#48. A Conversation with Morgan Nagler

Jason Anders: So let's talk about what it was like to grow up being a child actor in television on shows such as Punky Brewster, Star Trek: The Next Generation, The Fresh Prince of Bel-Air, and many more; how did you get involved in television and film, and do you have personal favorite projects or fondest memories of working as an actor?

Morgan Nagler: I guess I got started with the encouragement of my Mom's friend... once the seed was planted, I wanted to do it. The Fresh Prince of Bel- Air is one of my favorites. I played a true nerd. I love comedy. The week we filmed, the single "Summertime" was released, and the set was a dance party!

JA: Your acting career continued up to as recently as 2005, appearing Tony Scott's Domino, as well as legendary sitcoms like Fraiser, Home Improvement, and Will & Grace; what sparked your interest in pursuing a career in music, starting your own band called Vagtown 2000, which would later become The Whispertown 2000- and also, tell me about meeting Blake Sennett, whom would later form Rilo Kiley and The Elected, and how did he help you launch the success of your band?
MN: While filming a television show for a year, where I had a lot of down time, I learned to play guitar via writing songs. I never felt so good previous. It's the thing that makes me feel like a contributing person in the world, best. It was a combination of Jenny Lewis setting me and Tod up to play together, and her unwavering encouragement, and also my new found support from Jake Bellows, that got the band off the ground... or on the ground. I had already known Blake since I was seventeen, and he recorded and produced three tracks on our first record. He has been so supportive over the years. My friends are the greatest. I think they're so cool, nice, talented, smart and funny!

JA: What are your top five favorite albums of all time?

MN: Paul Simon's Graceland, Tom Petty's Wild Flowers, Gillian Welch's Time (The Revelator), Lucinda Williams' Lucinda Williams, and The Beatles' Sgt. Pepper's Lonely Heart's Club Band.
JA: Your debut album with Whispertown was co-produced by Blake Sennett, and even features a guest appearance by Jenny Lewis; tell me about your experiences in the studio creating your first record, the challenges you faced during the writing process, and what it was like to work with the producers and guest performers.

MN: The writing process was completely natural and free, with no expectation. Writing for the sake of writing. And recording was a modge podge of friends helping us out wherever we could fit them in! It was so great to have our friends share their talents, and an honor. I mixed it with Jake Bellows, which opened so many doors in my mind.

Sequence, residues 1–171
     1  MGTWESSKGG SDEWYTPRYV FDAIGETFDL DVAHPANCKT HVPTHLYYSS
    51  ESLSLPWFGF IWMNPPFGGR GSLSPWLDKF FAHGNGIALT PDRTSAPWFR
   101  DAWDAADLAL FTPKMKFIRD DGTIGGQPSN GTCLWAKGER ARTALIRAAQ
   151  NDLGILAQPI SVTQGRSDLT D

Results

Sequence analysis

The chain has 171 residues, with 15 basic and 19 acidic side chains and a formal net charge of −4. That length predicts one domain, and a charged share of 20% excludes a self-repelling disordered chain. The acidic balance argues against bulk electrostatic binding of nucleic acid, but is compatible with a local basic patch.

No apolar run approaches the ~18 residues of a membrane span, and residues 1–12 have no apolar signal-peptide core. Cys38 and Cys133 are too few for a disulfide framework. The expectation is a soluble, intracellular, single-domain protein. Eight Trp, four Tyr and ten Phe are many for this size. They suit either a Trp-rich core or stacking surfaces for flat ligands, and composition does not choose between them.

JA: The first time I saw Whispertown 2000 live was when you opened for The Elected, you have since traveled with Jenny Lewis, Bright Eyes, Maria Taylor, Johnathan Rice, and more; what was it like traveling with these bands, and what are some of your fondest memories of being on the road?

MN: Traveling with our friends and playing music is a dream. It's everything I love and appreciate. The hard work and resolution aren't questioned in my mind. Doing what you believe in is endlessly rewarding. Our band, Tod and Casey Wisenbaker, and Vanesa Corbala, works as one old machine. My favorite times are towards the end of a tour when everything becomes endlessly and hopelessly funny.
JA: What is the best concert you have ever experienced, and what made it the greatest?

MN: The Simon and Garfunkel reunion, Steve Martin Banjo and Neil Young in seventh grade. They blew my mind.

JA: Tell me about your newest album, Swim, and how this record differs from your debut project Livin' In A Dream.

MN: Swim is a much more developed movement towards our cohesive sound as a band. Everything was rehearsed and arranged before recording, where as Livin' in a Dream was a "do it as you go" vibe. We've become, and continue to become, more and more of ourselves.
JA: What are your feelings on popular music today, and what changes would you like to see made in the industry? Also, who are a few examples of artists successfully making an impact in the world of music you feel connected with in bringing something unique and original to the table?

MN: There are very few things I hear that I connect to in the way that I hope to. Benji Hughes, Neva Dinova, and The Heartless Bastards are some examples of warmly welcomed exceptions. My main complaints are sounds that are so derivative of something else, that they aren't really themselves.

JA: When it really comes down to it, what do you love most about music?

MN: The shared feeling of connection.
JA: If you had to sum up your work with just one word, what would it be?

MN: Hope.